How Our Bodies Cope with All-You-Can-Eat Meals

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Everyone's got something special they miss from the time before the pandemic. Hugging your friends and feeling safe to fly are some of the big ones, but small pleasures elude us too. One that may not see a revival once COVID dies down is the buffet, which might change everything from weddings to family outings to casual trips to a restaurant.


That doesn't mean we'll never find ways to overindulge again — after all, ordering takeout has no limits either. And according to researchers at the University of Bath, doing so every once in a while isn't all that problematic, at least under certain conditions. A team has found that occasional maximal eating (e.g., "eat until you cannot manage another bite") doesn't disrupt the normal range of nutrients and hormones in your bloodstream.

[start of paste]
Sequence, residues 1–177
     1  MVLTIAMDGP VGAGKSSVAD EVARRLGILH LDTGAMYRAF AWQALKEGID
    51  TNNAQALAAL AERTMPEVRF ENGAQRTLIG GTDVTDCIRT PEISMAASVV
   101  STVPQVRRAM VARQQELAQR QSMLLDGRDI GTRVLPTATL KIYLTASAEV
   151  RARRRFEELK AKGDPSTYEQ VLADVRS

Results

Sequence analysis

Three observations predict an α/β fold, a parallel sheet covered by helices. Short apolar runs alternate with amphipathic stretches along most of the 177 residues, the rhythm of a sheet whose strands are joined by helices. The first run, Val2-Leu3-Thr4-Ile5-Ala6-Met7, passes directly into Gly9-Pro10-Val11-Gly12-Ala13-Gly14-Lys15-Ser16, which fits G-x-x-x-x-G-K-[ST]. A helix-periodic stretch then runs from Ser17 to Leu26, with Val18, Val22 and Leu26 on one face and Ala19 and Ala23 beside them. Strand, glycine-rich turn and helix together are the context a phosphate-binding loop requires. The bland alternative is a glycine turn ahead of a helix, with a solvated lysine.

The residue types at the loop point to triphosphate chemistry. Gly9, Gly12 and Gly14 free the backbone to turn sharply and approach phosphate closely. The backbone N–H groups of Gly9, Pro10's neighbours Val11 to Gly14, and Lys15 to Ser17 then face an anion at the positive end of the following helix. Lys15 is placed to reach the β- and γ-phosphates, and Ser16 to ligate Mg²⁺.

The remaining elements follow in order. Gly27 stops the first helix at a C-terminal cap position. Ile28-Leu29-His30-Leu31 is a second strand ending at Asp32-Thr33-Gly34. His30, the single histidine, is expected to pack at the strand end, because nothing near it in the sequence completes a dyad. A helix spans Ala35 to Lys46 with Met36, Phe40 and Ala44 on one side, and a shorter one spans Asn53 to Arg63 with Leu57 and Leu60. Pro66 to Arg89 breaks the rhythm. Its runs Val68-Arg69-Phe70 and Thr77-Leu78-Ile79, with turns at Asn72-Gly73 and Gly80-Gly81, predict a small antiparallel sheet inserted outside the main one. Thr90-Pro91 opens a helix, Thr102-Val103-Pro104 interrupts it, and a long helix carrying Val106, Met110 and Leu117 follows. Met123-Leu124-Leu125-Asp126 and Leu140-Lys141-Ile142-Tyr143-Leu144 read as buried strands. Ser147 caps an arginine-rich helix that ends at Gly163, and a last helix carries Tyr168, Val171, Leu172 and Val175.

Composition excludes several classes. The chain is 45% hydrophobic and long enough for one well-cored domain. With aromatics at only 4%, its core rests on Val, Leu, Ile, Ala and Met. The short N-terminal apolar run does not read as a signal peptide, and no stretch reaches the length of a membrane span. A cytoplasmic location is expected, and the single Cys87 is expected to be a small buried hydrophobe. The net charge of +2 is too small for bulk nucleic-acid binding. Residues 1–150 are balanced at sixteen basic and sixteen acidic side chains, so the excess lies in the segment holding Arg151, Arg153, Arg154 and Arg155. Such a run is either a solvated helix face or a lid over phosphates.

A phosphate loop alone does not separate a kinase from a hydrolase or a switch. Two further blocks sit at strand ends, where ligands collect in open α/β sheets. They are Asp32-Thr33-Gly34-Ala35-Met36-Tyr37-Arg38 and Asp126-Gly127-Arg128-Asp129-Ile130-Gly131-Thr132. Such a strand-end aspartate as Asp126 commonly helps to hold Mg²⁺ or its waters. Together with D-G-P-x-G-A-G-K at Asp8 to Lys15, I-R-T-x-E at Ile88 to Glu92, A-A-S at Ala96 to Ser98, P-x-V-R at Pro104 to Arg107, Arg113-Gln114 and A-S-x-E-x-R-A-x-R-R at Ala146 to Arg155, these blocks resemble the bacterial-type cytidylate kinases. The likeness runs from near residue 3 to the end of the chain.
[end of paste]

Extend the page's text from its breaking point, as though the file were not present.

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"This study reveals that humans are capable of eating twice as much food as is needed to make us feel 'full,' but that our bodies are well adapted to an excessive delivery of dietary nutrients at one huge meal," said researcher James Betts. The study offers some important caveats, of course: Regularly overindulging in this way can lead to health complications. The study itself also only examined young, healthy men aged 22 to 37, which has implications for the results.


Still, if you're worried about "working off" a big meal, such as a holiday get-together, you may not have to spring for extra gym classes — or whatever it is we'll be able to access the next time you eat all that you can.